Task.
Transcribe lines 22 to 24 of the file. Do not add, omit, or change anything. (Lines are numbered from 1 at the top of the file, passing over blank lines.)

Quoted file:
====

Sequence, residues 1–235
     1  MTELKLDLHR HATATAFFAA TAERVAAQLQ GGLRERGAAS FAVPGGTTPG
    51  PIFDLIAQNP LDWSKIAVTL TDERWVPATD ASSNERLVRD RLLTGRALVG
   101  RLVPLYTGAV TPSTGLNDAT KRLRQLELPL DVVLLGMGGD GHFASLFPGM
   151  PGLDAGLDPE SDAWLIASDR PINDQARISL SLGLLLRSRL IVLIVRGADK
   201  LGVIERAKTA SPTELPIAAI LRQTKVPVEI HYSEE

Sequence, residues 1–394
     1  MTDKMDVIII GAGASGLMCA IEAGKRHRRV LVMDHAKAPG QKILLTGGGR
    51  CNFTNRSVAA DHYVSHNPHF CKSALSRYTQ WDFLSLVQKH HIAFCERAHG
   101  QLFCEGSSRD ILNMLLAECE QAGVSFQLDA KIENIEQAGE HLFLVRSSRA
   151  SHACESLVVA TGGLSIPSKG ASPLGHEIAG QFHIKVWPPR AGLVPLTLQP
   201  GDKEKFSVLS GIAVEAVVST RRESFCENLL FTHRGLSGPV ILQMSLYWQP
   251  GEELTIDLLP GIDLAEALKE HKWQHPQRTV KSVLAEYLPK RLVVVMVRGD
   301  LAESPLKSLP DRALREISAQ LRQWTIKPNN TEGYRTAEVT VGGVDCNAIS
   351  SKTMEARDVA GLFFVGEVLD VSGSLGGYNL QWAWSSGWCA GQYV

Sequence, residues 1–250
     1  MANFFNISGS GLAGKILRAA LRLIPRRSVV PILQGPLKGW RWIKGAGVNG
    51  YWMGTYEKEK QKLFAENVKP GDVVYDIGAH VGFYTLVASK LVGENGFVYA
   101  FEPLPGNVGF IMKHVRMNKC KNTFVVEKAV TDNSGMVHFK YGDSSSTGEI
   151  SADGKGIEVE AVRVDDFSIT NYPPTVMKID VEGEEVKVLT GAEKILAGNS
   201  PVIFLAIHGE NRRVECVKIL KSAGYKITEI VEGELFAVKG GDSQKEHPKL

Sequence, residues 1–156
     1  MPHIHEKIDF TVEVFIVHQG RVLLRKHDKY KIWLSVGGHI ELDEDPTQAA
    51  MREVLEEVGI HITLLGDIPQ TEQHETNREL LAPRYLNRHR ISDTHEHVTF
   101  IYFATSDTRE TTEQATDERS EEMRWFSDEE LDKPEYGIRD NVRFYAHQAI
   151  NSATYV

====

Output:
Sequence, residues 1–156
     1  MPHIHEKIDF TVEVFIVHQG RVLLRKHDKY KIWLSVGGHI ELDEDPTQAA
    51  MREVLEEVGI HITLLGDIPQ TEQHETNREL LAPRYLNRHR ISDTHEHVTF